The petition of Ned Hyman (a slave) humbly complaining sheweth unto The Honorable The General Assembly aforesaid, that your petitioner now residing in the Town Williamston in the County of Martin & state aforesd, and by occupation a farmer — was born some fifty four or five years ago the property & slave of one Jno. Hyman of Bertie County, that sd Master Saml., that after sd Master Saml., in whose possession and under whose control and management your petitioner lived and served from the time up to the death of sd Master Saml — which happened some time in the year 1828 — Since that time your petitioner with little exception has been under the control of the Executor of his sd decd. Master. Your petitioner would further state, that during his long period and through every change of Master or service your petitioner has been a faithful and an honest servant to the interest of him or her whom it was his duty to serve — and of this he hopes he can give the most satisfactory testimonials. Your petitioner would further state that some time about his Twenty-seventh year he intermarried with one Elizabeth Hagans a free woman of Colour with whom he has lived in friendship and harmony with little or no exception ever since; (and although your petitioner has been informed that the sd union or marriage did not constitute your petitioner & sd Elizabeth “husband & wife” in the Legal acceptation of that phrase — yet your humble petitioner would ask the indulgence of your Honorable body and hope that it will not be considered at all presuming, to use these words, through out the remainder of this petition and the other writings accompanying it, when ever there may be necessity for them or either of them, instead of words — of like import –) Your petitioner would further state, that through the indulgence and advantages which his kind & benevolent master extended to him, aided by his industry prudence and frugality and seconded by the virtues and exertions on the part of your petitioners wife — Elizabeth, (not less profitable,) your petitioner has had the good fortune to accumulate an estate worth from five to six thousand dollars; consisting of lands chiefly live stock negroes and money, the right & title to all which except the money is vested in your petitioners wife Elizabeth — Your petitioner would further state that it was the wish of his decd Master Saml. Hyman expressed to his family often times during his last illness that your petitioner after his death should do service as a slave to no person — but that as far as was consistent with the Laws of the State he wished him to be free — alleging as the reasons, that your petitioner had been a trusty faithful and obedient servant to him through a long period of years; that your petitioner would further state that in furtherance of this kind and benevolent wish of your petitioners decd Master for your petitioners future freedom and happiness, his Executor Jno. S. Bryan has (At your petitioners request) sold your petitioner to your petitioners sd wife Elizabeth. — that your petitioner by his sd. wife Elizabeth has three children Penny, Sarah, and Ned — the two daughters are of full age, the son nearly so — that your petitioner has been informed that by, either the death of his sd wife Elizabeth or a change in her feelings or disposition towards your petitioner, your petitioner might not only lose his whole estate but even that portion of freedom and happiness, which by the kindness of his wife he is now permitted to enjoy. But your petitioner in justice to his kind and affectionate wife Elizabeth would further state, that she is not disposed at all to abridge in the least degree the liberty or happiness of your petitioner but wishes and desires (if consistent with the will of the Honorable The Genl. Assembly aforsd) that the same may be inlarged & increased — that she is therefore perfectly willing and anxiously desires to give up her sd title to your petitioner to the Honorable Genl. Assembly aforesaid that they may confer the same (by an act of manumission) to gether with such other liberties and privileges & immunities as other free persons of Colour now by law enjoys, — upon your petitioner — that to this end & for this purpose the sd Elizabeth the wife of your petitioner will unite with your petitioner in praying The Honorable Genl. Assembly aforesad — that they would take his case into consideration and to pass such an act in favor of your petitioners manumission they as they in their wisdom may deem meet and proper — that in Confirmation of the sd Elizabeths sincerity in this prayer and request she will most willingly Sign this petition with your petitioner — Your petitioner considers that further enlarging might be trespassing too much upon the time of The Honorable the Gen. Assembly aforesaid — But in conclusion however your petitioner would further stat that from this facts already stated it must be apparent in what an unpleasant and grievous situation your petitioner is placed — He has by laboring of in the nights and as such other spare times as his master would give him and by his prudence and frugality acquired an estate which (Say nothing of the uncertainties of life) he has not the assurance of enjoying even for a day — that he in a single hour might be placed in a worse condition than the day he began his life — that your petitioner has by his faithfulness and extraordinary attention to his masters business and interest secured his esteem and favor and obtained his sincere wishes that your petitioner should be freed — & the nearest your petitioner has been able to approach an end so desirable to his decd Master, is, to have your petitioner vested in your petitioners sd wife Elizabeth — that it must be evident to the Honorable The Genl. Assemble from these facts in what a precarious condition, stand the property, the liberty and [e]ven the happiness itself of your petitioner — Your petitioner together with his wife Elizabeth therefore pray the Genl. Assembly aforsd in tender consideration of his unhappy and grievous condition to pass such an act for his benefit and relief, as in their wisdom may seem meet & in their justice may seem right & proper & your humble petitioners is in duty bound will ever pray &c   Ned X Hyman, Elizabeth X Hagans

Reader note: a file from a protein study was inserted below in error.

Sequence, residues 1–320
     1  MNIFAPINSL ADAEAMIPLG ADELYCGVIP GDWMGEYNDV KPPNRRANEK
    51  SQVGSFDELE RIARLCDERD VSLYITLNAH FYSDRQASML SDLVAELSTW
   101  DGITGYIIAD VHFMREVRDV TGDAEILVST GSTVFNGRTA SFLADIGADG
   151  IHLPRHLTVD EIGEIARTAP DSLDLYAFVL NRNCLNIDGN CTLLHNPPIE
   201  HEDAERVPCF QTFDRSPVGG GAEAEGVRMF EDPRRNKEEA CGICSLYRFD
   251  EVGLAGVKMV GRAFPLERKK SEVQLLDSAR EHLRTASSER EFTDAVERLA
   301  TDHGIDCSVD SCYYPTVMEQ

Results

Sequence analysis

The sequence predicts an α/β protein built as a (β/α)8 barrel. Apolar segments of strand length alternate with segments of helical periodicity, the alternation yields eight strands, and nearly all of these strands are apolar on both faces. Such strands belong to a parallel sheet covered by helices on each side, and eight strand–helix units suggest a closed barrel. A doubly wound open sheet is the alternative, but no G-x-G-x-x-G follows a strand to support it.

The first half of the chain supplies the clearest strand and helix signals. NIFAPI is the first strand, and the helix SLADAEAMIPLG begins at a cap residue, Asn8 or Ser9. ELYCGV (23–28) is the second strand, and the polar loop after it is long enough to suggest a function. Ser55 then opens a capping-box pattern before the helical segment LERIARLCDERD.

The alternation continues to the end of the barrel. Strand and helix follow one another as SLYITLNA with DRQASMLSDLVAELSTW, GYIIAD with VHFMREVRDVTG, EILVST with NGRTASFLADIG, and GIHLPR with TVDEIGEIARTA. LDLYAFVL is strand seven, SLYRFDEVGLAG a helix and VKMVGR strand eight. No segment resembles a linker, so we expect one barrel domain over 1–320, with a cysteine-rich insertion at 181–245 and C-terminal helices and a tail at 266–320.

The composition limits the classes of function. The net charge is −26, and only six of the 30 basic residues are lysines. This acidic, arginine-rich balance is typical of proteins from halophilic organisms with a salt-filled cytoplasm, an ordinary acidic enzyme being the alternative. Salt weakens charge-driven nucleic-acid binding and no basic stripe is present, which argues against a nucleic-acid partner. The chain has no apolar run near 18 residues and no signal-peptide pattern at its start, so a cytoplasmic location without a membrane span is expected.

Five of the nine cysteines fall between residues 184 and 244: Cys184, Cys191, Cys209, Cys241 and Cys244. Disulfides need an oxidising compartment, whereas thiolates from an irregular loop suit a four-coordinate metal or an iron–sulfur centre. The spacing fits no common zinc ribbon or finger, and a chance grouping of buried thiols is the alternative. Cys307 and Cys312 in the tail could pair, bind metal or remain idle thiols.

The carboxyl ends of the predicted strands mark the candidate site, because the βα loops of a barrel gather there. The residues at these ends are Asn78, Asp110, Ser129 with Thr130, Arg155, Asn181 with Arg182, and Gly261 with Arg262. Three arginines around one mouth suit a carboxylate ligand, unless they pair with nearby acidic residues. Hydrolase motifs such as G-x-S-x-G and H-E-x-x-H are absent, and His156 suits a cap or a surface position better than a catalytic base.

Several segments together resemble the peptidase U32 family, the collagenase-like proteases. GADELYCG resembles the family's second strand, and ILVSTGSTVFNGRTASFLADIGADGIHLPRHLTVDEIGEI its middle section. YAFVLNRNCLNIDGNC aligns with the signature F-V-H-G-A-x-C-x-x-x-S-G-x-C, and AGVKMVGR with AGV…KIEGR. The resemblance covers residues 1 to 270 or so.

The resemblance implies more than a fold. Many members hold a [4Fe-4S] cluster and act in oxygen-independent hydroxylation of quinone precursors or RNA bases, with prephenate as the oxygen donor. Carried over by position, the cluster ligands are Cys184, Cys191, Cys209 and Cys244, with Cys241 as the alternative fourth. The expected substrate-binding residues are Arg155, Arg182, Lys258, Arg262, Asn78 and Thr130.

Test Wm. B. Bennett, E.S. Smithwick